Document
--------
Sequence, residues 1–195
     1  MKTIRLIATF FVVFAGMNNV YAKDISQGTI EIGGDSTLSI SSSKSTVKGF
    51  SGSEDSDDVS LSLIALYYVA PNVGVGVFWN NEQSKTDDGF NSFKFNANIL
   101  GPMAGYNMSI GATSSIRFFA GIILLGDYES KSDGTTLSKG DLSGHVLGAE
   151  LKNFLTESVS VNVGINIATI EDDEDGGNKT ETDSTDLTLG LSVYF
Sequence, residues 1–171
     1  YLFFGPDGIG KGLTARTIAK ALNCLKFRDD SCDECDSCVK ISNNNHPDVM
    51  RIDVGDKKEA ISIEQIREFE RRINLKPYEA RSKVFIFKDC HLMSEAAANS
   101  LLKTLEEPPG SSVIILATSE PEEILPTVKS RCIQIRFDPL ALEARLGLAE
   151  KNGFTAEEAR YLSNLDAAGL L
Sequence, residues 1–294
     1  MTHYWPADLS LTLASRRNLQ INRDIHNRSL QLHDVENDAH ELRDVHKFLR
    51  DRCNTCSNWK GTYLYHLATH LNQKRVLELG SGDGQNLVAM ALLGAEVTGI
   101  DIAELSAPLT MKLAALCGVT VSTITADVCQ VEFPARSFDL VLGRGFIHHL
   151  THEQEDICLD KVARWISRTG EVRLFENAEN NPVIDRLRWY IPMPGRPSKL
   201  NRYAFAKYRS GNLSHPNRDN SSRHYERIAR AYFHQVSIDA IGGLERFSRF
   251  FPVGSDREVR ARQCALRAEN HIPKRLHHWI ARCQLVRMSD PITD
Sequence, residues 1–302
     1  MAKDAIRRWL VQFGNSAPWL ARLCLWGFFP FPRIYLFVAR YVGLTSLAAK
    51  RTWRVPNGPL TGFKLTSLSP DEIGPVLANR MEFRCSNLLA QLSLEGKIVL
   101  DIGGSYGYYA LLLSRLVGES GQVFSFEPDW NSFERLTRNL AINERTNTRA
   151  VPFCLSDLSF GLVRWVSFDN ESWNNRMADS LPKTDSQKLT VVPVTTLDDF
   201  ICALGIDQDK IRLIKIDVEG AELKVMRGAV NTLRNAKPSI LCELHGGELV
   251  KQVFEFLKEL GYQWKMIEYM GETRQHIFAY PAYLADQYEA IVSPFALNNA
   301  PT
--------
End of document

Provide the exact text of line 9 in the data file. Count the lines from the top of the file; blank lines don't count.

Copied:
   101  LLKTLEEPPG SSVIILATSE PEEILPTVKS RCIQIRFDPL ALEARLGLAE